Eight Bells: Richard Bartlett
Published on October 24th, 2022
Richard C. “Dick C.” Bartlett, Jr. of Severna Park, MD, passed away on October 11 at the remarkable age of 100.
A veteran of both World War II and the Korean War, Dick C. pursued his love of sailing and dinghy racing in such fitting ports of call as Annapolis along with California towns of Coronado, Long Beach, and Seal Beach where, among many others, he was stationed during his 25 years in the Navy.
While in Coronado, Dick C. purchased his first Snipe and helped establish Snipe Fleet 573 at the Coronado Yacht Club. During his final posting in Annapolis (1965), he became active in Snipe Fleet 532 at the Severn Sailing Association.
In 1971, when the Snipe was the largest one-design class in the country, Dick C. was principal race officer for the Snipe Nationals hosted that year by SSA. At the time he was also the club’s commodore after serving as vice commodore in 1968. In 1973 he became president of the Chesapeake Bay Yacht Racing Association.
Dick C. and his three younger brothers were introduced to sailing by their father and spent many happy summers sailing and racing Comets, National One-Designs, and International 14s in Annapolis. Their father, Richard C. Bartlett Sr., was one of three founders of SSA (1954).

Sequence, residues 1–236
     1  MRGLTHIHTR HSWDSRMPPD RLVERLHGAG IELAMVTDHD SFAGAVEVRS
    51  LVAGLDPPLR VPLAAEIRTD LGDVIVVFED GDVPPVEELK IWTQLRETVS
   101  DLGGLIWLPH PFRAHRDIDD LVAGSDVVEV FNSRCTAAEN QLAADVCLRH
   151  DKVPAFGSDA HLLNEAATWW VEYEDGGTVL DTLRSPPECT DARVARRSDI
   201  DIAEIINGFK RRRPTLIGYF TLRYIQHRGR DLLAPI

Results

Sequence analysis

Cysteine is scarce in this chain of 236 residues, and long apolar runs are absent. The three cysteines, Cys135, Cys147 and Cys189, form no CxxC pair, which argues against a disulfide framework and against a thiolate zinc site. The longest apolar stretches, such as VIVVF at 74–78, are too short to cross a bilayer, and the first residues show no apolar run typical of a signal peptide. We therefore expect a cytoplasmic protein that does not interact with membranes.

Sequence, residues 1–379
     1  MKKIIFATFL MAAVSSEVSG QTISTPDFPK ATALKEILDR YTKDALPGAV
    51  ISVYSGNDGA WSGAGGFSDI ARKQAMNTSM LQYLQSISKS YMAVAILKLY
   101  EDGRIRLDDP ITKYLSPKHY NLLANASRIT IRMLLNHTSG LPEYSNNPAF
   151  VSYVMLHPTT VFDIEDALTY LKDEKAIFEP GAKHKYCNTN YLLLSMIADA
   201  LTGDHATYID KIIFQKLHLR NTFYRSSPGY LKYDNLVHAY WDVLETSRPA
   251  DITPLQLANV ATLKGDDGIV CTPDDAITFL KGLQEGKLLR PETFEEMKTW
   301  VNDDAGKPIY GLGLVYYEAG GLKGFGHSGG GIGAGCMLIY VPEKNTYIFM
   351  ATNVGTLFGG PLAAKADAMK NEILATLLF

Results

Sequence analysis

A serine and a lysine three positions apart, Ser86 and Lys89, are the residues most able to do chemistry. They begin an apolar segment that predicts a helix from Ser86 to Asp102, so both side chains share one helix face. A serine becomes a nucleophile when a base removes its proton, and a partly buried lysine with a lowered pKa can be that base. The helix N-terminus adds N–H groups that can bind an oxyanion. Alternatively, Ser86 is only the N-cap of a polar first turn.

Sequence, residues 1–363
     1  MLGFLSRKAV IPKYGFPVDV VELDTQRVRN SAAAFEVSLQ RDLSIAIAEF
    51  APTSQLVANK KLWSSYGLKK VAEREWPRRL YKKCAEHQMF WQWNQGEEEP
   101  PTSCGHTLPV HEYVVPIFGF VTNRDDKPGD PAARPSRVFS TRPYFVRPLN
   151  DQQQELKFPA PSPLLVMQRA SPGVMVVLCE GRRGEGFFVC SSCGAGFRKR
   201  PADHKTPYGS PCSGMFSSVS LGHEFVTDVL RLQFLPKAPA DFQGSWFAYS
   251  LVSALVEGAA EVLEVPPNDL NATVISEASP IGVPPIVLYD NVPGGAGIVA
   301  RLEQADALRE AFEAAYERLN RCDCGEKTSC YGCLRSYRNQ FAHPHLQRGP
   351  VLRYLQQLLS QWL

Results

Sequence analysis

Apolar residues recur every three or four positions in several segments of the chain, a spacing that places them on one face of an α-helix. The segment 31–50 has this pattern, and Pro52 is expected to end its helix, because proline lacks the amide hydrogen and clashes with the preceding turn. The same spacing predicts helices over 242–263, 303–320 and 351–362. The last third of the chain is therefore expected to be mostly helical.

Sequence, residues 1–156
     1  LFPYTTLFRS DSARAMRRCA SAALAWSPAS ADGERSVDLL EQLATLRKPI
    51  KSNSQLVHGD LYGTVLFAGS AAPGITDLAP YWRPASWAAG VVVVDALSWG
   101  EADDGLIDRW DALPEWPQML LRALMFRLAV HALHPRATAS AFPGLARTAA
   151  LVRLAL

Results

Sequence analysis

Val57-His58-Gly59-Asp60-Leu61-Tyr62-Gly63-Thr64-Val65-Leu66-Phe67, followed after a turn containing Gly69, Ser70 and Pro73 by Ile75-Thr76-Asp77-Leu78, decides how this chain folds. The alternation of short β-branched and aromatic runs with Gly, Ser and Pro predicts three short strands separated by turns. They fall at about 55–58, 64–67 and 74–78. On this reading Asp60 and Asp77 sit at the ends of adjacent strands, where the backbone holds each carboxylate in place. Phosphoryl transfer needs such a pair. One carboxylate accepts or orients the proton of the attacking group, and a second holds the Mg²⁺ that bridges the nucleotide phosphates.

A Navy engineer stationed at the David Taylor Model Basin in Annapolis, Dick C.’s father and a group of his engineer friends built a fleet of dinghies they called a “Severn One-Design” (a boat similar to the National One-Design). Dick C. was a long-standing member of SSA, the Annapolis Yacht Club, and the Sailing Club of the Chesapeake.
A proponent of junior sailing, Dick C. introduced daughter Linda and son Jonathan to racing and shared the cockpit with each while racing Snipes.
Dick C. was born in Long Beach, CA on March 8, 1922 and graduated from Annapolis High School in 1940. He attended the University of Maryland before enlisting in the Navy in 1942. In World War II, Dick C. flew Vought Kingfishers (an observation seaplane) and in the Korean War he flew Douglas AD Skyraiders (a single-seat attack aircraft). He was also officer in charge of a six-aircraft squadron.
In 1967, Dick C. retired from the Navy; he’d achieved the rank of commander and been awarded both the Distinguished Flying Cross and the Navy Air Medal. After his retirement from the Navy, Dick C. enjoyed a 32-year career with the Equitable Insurance Company.
He is survived by his wife of 33 years, Mary Ellen (Crafton). He is predeceased by his first wife, Frances Fisher, to whom he was married for 45 years, and his eldest son, Richard C. “Ricky” Bartlett, III. He is survived by three other children: Linda Bartlett Stearns of Oxford, MD, Robin Bartlett of Pasadena, MD, and Jonathan Bartlett (Molly) of Annapolis.